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Category: hci

Scoble Erased: If only there were some kind of data Bank

Robert Scoble complains about being erased. Or rather the data and content that he put on Facebook ceased to exist to the extend that he no longer had access to or control over it. We can talk all we want about how our attention data, social graph, personal data and created content is ours and we should have absolute and continuous access to it; in addition, we should be able to move it and leverage it in other contexts. This ignores the economics of the capture and storing of that data. The cost is not zero. If it were we could do it for ourselves.

And that I suppose is the point. We trade that data for a service, value traded for value. If Scoble doesn’t want to be erased, why not record a copy of everything he puts into a commercial website? He could keep it on a local hard drive or a network storage service. Or perhaps in some kind of gesture bank, where he could trade its value for goods and services.

Scoble needs to remember that it’s not really his, unless he invests in making it his.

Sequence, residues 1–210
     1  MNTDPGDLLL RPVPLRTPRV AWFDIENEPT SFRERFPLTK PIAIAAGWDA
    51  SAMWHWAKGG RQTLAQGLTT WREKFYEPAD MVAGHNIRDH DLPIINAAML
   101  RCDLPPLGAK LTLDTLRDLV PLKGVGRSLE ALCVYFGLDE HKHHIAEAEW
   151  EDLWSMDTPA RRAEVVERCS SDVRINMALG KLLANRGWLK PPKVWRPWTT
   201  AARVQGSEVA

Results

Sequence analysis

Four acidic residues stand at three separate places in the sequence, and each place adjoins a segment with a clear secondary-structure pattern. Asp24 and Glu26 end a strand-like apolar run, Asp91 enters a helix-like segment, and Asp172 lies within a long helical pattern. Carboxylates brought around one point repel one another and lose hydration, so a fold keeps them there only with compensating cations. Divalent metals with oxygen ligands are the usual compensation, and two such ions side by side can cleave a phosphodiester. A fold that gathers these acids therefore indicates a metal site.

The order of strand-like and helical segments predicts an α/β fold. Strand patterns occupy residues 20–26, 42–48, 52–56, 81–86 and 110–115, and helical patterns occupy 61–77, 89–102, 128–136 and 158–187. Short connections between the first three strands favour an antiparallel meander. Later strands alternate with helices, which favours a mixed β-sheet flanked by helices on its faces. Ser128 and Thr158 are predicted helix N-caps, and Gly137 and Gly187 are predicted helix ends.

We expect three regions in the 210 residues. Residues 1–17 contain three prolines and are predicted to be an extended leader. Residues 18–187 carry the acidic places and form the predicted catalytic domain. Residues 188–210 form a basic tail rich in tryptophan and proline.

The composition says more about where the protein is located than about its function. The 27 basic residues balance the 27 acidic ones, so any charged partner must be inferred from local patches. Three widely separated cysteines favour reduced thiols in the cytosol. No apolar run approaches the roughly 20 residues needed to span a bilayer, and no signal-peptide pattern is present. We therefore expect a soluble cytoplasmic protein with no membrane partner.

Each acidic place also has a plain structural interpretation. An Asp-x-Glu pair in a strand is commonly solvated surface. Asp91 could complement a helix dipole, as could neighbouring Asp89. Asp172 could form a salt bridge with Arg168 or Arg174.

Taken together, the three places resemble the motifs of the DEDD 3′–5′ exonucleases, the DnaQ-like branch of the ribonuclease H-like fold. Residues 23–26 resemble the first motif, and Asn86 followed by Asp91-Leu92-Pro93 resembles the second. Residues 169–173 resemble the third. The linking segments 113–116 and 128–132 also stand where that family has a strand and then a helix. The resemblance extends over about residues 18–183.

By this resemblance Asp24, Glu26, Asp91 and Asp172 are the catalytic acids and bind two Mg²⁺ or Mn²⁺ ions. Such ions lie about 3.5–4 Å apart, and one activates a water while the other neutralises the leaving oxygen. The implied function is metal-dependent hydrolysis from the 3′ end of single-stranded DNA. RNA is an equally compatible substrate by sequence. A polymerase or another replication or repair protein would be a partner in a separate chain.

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The End of the Mechanical Keyboard: KVM begins its Transformation

There have been a couple of stories about this recent Apple patent filing on a new keyboard. It’s great to see some innovation on such a basic input device. The keyboard has been static for much too long. Most folks are pointing to Art Lebedev’s Optimus Maximus keyboard as a source. The demo is quite impressive. Apple is in a unique position to make some progress in this area, just as they were able to move the ball on the innovations developed at Xerox Parc. This is the beginning of the end of the mechanical keyboard. Once the keyboard becomes software and the screen becomes multi-touch, a whole new era of human-computer interaction is enabled. KVM begins its historic transformation.


The Open and the Closed: Closed is the new Open

Open Door